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Jambi was the site of a well-established, powerful Srivijayan kingdom that engaged in trade throughout the Strait of Malacca and beyond. It succeeded Palembang to the south, which was a frequent military and economic rival, as the later capital of the ancient kingdom. The move to Jambi was partly induced by the historic 1025 raid by pirates from the Chola region of southern India that destroyed much of Palembang.

In the middleages Jambi was a part of the Malacca Sultanate and later of its successor state the sultanate of Johor which was split up by the Anglo Dutch Treaty of 1824 in a Dutch and a British sphere of influence. 

In 1833, minor conflicts with the Dutch, who were well established in Palembang, meant the Dutch increasingly felt the need to control the actions of Jambi. They coerced Sultan Facharudin to agree to greater Dutch presence in the region and control over trade, although the sultanate remained nominally independent. In 1858 the Dutch invaded Jambi with a force from Batavia. They met little resistance, and Sultan Taha fled to the upriver, inland regions of Jambi. The Dutch installed a puppet ruler, Nazarudin, in the lower region, which included the capital city. For the next forty years Taha maintained the upriver kingdom, and slowly reextended his influence over the lower regions through political agreements and marriage connections. In 1904, however, the Dutch finally managed to capture and kill Taha, and in 1906, the entire area was brought under direct colonial management.

With the end of the period following the death of Jambi sultanate sultan Taha Saifuddin on April 27, 1904 and the success of the Dutch controlled areas of the Sultanate of Jambi, Jambi then was made a Residency of Nederlandsch Indiė. Jambi's first Resident O.L. Helfrich appointed by the Governor General by Decree No. 20 dated May 4, 1906 and his inauguration held on July 2, 1906.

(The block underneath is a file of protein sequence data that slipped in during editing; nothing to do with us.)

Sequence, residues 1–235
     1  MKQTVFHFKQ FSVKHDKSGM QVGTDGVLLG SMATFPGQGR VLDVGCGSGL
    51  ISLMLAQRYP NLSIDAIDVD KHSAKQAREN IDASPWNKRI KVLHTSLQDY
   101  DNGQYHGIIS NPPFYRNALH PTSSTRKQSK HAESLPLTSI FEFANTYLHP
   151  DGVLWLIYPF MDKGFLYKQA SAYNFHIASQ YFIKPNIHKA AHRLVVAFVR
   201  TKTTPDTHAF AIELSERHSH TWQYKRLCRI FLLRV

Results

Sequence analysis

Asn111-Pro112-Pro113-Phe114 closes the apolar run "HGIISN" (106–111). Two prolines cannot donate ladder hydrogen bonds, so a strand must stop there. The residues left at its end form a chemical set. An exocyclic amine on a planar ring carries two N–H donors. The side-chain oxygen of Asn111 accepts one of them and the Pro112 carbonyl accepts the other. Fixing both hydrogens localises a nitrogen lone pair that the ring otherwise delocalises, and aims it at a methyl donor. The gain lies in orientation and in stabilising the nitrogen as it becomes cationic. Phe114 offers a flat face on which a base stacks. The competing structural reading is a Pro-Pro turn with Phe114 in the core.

In 1938 Jambi Residency (Residentie Djambi) became a part of Sumatra Province. In 1942 it was occupied by the Japanese Army. After the war Jambi Residency was incorporated into Sumatera Tengah (Central Sumatera) and after the rebellion of the generals in 1958 and the dissolution of Sumatera Tengah it was upgraded to a province.




Through the ages the  political symbols valid in Jambi may have been of the Hindu-Buddhist and Muslim kind. The Muslim political symbols may have been used also by Jambi sultanate but nothing is known about it. After 1906 the political symbols of the Kingdom of the Netherlands were valid and in the time of Japanese occupation those of the Japanese Army and the Japanese Empire. These were followed by the arms of the Republic of Indonesia.


From the time of Jambi Sultanate we know the flags of the sultan himself, and the flag of the commercial nobility:[1]


 Flag of the Sultan, also the flag for war


Flag of the Commercial Nobility


A specific emblem for Jambi was only adopted after the residency was upgraded to a province.


The arms show:


Arms: Parted per fess Or and Azure, in chief a mosque Argent its stone basement proper (grey); in base a lotus-shaped bowl Or, its stem charged with a gong and a keris per pale, and rising from waves of the sea, all proper.

Motto: SEPUCUK JAMBI SEMBILAN LURAH (The Precious Jambi of the Nine Village Chiefs) in black lettering on a yellow scroll.


š See illustration in the head of this essay


  • The Mosque symbolizes muslim faith
  • The bowl symbolizes the administration,
  • The gong the call up for a meeting and the Srivijayan past.
  • The keris symbolizes power of defense

The five-cornered shield is for the Pancasila










Today Jambi is controlled by

Kodam II/Sriwijaya.


The arms of Jambi Police shows, on the usual shield per bend sinister Or and Sable, a black disc charged with the gong, the keris and the waves from the provincial arms.



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© Hubert de Vries 2010-11-29

[1] ) Carte de Pavillions en usage chez le differents peuples des Indes-Orientales Néerlandaises, 1865. Rühl, Dirk: Vlaggen van den Oost-Indischen Archipel (1600-1942). In: Jaarboek van het Centraal Bureau voor Genealogie. Dl. VI, 1952. pp. 136-148.

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